I have a special passion for Historical Fiction so it probably goes without saying, but I jumped (or more likely did a couple of virtual cartwheels) at the opportunity to get my hands on Jane Caro’s new novel Just a Queen. As the sequel to Caro’s novel Just a Girl, this book provides an intimate insight into the reign of Queen Elizabeth I. I haven’t read the first book and although I’m keen to read it retrospectively, it is important to note that this didn’t make any difference as the book operates well as a stand-alone text.
Overall I found this to be an enticing package. I found the cover design appealing, striking the perfect balance between identifying the historical period whilst maintaining enough savviness to entice a youthful audience. I also found the gold decorative motif that backed the front and rear covers a delightful inclusion, serving as a suitable prelude for what was to follow.
Caro’s thoughtful prose consistently manages to engage her audience by being accessible yet maintaining a sense of faithfulness to the period explored. The choice of first person narration, created a potent intimacy with the protagonist, allowing for an authentic and believable psychological portrait of Elizabeth to be drawn. I did find the time shifts a little irksome at times. Certainly, younger readers may find this a deterrent, although it added a narrative complexity that could be interesting to investigate with students in higher level English classes.
Just a Queen, was pitched to me as a Young Adult/Historical Fiction novel. While I won’t argue with the latter, it became apparent to me early on, that this is a book which fails to conform to traditional notions of YA. The story is narrated by rather distraught and significantly aged Elizabeth I, as a series of flashbacks occurring in the latter part of her reign. The flashbacks, precipitated by the execution of Mary Queen of Scots, primarily hark back to a much younger Elizabeth, albeit one who is well into her twenties. It did not take me too long to realise that the lack of an adolescent protagonist place this book out of YA and firmly into mainstream Adult Historical. Similarly, since the flashbacks involve mature reflection from that of an aging woman and, while not necessarily a criticism, I did wonder if a mainstream YA audience may perceive this as a little too preachy, or, even disregard the perspective as being irrelevant. However, perhaps this is a little pedantic because Caro’s story is undoubtedly exquisitely crafted, while possessing a qualities that could easily make it an inspiring text to explore as a guided text with Senior English students or as an extension text in the Senior History classroom.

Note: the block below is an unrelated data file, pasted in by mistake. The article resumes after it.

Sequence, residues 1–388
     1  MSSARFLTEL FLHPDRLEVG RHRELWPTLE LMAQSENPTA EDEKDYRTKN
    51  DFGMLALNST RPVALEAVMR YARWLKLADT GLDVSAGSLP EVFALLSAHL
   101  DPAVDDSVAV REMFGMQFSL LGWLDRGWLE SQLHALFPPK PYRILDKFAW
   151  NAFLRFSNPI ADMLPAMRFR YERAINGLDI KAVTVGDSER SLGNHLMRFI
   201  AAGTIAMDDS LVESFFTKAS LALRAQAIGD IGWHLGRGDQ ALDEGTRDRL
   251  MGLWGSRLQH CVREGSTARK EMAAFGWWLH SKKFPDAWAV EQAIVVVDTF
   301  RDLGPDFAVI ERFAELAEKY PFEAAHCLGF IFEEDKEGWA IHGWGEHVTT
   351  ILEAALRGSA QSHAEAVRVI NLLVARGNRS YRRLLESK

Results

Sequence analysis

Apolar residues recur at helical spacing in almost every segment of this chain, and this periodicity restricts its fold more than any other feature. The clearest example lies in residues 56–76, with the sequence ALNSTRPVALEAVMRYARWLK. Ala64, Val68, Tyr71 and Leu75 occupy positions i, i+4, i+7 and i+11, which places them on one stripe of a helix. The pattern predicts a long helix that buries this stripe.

Jane Caro has managed to breathe new life into what is a well-trodden topic by novelists and filmmakers. She is to be commended for her depiction of an Elizabeth who is not only flesh and blood, but whose portrayal will undoubtedly resonate with contemporary women, for whom the challenge of living in a man’s world, is as real today as it was in the Elizabethan world.